Keenan: I guess I’m saying—I just want to explain my reasoning in this case as a background. My understanding of the situation concerns me because there is sort of a certain tradition at the sites of, you know, of having sort of an insane in-depth understanding of what we can and cannot publish. And we’ve often taken that up and to the edge, right? But that also means that-
Isaac: You meant, very edge?
Keenan: Yeah! But that also necessitates a certain, I don’t think mischievousness is the right word, but an ingenuity regarding, Okay, how do we get this published?
Isaac: Keenan. So to your peace of mind I can tell you that in the regular course of business, not looking at this specific and isolated event in a bankruptcy court, that will continue to be the case.
Keenan: Is there—one of the things that I’ve been hearing from people that I’ve discussed this with is that there is—I mean, first of all, we lost Gawker dot com.
Keenan: What’s that?
Keenan: I mean there were a number of reasons one of which was—well, the reason that you said—the judgment that was handed down by a Florida jury in March. And, speaking in terms in comparison to what’s happening now, [the termination of Gawker.com] was a relatively drama-free transition. Would you say? Or no?
Isaac: What I can tell you is that I can relate perfectly well with the journalists at Gawker Media Group and all of its sites, because they have had to endure a very difficult process and they have seen a company built by wit and hard work fall apart. And that causes anxiety and that keeps people out of focus. And my intention is to get everyone to look forward and to focus on the company that we can build together. I understand that a post-traumatic stress disorder event doesn’t go away from one day to the other. That there are many sensitivities. I am perfectly fine with people expressing their thoughts and sensitivities and dealing with that. I like the transparency of it. It is part of what is appealing to me about Gawker. And I am really not the one to judge what’s drama-free or not drama-free because it is—it’s hard compared to what?
Keenan: Compared to this. I mean, generally, would you say there’s a lot more pushback about the deleted posts versus mothballing Gawker.com?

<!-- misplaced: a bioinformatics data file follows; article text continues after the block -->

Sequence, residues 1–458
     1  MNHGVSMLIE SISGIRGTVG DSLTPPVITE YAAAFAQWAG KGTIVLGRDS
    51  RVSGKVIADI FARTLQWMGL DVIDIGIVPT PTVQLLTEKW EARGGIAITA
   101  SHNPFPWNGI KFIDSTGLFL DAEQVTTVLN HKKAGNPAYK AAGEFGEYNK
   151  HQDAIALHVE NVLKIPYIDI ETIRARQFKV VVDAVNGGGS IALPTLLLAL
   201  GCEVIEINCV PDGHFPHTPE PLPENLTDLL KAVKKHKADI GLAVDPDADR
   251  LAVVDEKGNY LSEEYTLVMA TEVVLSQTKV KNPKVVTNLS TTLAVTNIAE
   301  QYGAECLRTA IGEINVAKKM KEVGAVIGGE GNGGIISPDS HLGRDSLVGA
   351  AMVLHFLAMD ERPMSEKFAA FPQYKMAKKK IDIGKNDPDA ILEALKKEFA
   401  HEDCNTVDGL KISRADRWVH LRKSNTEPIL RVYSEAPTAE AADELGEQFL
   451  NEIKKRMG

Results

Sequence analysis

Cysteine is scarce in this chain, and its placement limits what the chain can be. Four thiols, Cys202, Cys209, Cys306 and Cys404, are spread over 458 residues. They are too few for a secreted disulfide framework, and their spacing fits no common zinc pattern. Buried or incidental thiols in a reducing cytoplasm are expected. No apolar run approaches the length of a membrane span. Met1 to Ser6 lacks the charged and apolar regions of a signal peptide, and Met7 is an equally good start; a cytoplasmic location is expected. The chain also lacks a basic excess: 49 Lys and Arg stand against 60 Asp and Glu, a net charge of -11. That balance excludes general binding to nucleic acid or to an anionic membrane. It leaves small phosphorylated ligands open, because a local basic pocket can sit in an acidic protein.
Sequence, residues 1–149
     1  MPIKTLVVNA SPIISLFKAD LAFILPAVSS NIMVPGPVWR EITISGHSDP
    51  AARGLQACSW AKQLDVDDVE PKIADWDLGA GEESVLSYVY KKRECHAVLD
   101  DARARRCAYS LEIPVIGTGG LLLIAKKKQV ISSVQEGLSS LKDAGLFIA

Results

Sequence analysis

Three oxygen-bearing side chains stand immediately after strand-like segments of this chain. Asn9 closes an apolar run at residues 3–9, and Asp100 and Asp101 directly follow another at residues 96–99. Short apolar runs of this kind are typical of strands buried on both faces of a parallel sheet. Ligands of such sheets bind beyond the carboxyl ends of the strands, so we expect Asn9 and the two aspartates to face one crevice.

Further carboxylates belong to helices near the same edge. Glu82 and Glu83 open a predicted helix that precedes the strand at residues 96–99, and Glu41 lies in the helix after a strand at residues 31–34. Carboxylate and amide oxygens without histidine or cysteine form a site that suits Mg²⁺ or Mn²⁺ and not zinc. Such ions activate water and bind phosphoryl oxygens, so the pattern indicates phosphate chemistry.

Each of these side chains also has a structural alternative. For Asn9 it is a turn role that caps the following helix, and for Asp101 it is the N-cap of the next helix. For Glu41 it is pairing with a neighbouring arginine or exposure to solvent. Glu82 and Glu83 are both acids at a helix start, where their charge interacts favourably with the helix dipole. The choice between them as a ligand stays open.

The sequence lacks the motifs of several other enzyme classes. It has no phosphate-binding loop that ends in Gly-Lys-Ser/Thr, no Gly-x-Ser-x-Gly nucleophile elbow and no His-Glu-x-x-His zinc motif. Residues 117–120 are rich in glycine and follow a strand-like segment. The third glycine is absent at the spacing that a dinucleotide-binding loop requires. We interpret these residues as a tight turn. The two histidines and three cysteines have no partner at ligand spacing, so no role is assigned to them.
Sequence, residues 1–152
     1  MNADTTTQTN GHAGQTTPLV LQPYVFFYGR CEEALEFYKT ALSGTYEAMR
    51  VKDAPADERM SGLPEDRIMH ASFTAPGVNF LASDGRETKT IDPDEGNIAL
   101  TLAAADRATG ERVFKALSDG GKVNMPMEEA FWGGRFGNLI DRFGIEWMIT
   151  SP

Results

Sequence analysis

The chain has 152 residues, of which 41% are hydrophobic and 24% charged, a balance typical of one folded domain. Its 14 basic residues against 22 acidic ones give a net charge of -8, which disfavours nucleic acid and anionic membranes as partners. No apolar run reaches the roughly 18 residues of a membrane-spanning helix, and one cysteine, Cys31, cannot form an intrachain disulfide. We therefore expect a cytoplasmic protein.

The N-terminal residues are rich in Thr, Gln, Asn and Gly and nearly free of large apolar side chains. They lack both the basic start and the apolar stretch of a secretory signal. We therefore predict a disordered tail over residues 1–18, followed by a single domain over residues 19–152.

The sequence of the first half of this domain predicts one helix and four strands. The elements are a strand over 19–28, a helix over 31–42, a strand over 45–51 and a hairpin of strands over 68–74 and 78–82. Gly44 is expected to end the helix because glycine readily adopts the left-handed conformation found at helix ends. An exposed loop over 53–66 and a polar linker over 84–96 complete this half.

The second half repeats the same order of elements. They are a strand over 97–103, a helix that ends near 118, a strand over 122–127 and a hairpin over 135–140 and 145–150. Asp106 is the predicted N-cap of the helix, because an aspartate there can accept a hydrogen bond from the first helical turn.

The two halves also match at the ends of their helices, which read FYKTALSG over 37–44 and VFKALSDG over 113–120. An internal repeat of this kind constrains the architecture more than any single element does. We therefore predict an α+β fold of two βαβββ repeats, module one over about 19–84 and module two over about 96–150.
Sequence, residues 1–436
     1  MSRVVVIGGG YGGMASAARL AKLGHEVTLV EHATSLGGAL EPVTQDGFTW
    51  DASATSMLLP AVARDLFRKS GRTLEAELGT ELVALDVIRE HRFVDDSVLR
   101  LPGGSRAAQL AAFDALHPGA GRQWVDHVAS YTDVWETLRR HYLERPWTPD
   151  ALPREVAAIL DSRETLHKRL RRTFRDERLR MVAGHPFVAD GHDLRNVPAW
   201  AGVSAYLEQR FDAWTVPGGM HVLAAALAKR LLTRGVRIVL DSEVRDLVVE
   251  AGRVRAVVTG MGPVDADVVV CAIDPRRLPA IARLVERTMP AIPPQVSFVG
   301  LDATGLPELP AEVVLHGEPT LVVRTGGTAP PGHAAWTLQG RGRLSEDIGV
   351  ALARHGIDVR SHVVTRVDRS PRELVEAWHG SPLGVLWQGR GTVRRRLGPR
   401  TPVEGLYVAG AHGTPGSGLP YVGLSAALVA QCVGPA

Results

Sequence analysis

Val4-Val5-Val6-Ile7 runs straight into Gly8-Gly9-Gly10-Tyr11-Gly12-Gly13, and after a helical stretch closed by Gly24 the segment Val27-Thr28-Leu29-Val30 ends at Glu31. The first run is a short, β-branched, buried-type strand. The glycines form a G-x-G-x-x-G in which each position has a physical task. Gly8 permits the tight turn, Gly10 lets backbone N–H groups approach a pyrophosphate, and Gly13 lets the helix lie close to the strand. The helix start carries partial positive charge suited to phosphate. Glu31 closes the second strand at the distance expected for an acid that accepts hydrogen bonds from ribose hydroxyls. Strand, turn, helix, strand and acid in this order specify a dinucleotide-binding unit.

David Ford: Can I just make one point of clarification—are we still off the record or are on the record?
Keenan: I think we’re on the record.
Isaac: Yeah, we’re back. We’re back.
Keenan: Okay. I think they were just talking about—I think I said we’re back on the record.
Isaac: Yeah, you’re good. So I think that what happens is that the process with Gawker is a process that took a long time. Okay? When you guys went through the difficulty of the Condé Nast CFO story and decided to take that post down, and some people quit their jobs, et cetera. There was already a rebranding and a new mission for a new Gawker. So it was not the Gawker that it was before. Okay? And that was fairly new. And then when that asset was taken to court and had to go through all of what we saw in court, I think that it was clear to everyone that Gawker had lost a fight with very powerful interests. And that was it. I think that the event was so big and the consequences so profound that the reaction was, you know, it was a flat-line, okay?
Isaac: I think that people thought that, okay, that was the price we had to pay, now let’s focus on the future. Now, let’s look forward, and then these came out as a surprise. And the fact that it came out as a surprise—it’s a mistake from everyone, including me, who handled the process, because we could have informed you and your colleagues in a much better, constructive way of what was going on, not to have a surprise. The fact is that this is a conversation that happened for a couple of weeks, where everything was discussed, where everyone was involved and no one was misled. And the only reason why the decision came to happen on a Friday was for two reasons. Because we had to decide at that point if we were—and please correct me if I’m wrong, Jay—if we were going to take down only the ones that had pending litigations or we were going to take down the other ones that had threats of litigations and posed risk to the company. And we hired outside counsel, and we had advice, and we decided to leave those [posts that incurred threats of litigation] and to defend them and to defend them as we will any post in the future. And that happened on Friday. And the only moment where we could start to do that was after the bankruptcy court would give us the asset and make it ours. And at that point is where we, following the procedure of the union agreement, went through the process and took the post down.
Isaac: Did I explain myself?
Keenan: Um, well, yeah I think you adequately explained the timeline of the situation—is there a specific reason why this wasn’t communicated to—I mean, so you’re saying that they took this vote in anticipation of being handed the assets at midnight on Friday night, correct?
Isaac: I am not sure.
Jay: Yeah, again—
Keenan: Is this a privileged thing?
Keenan: Oh, okay.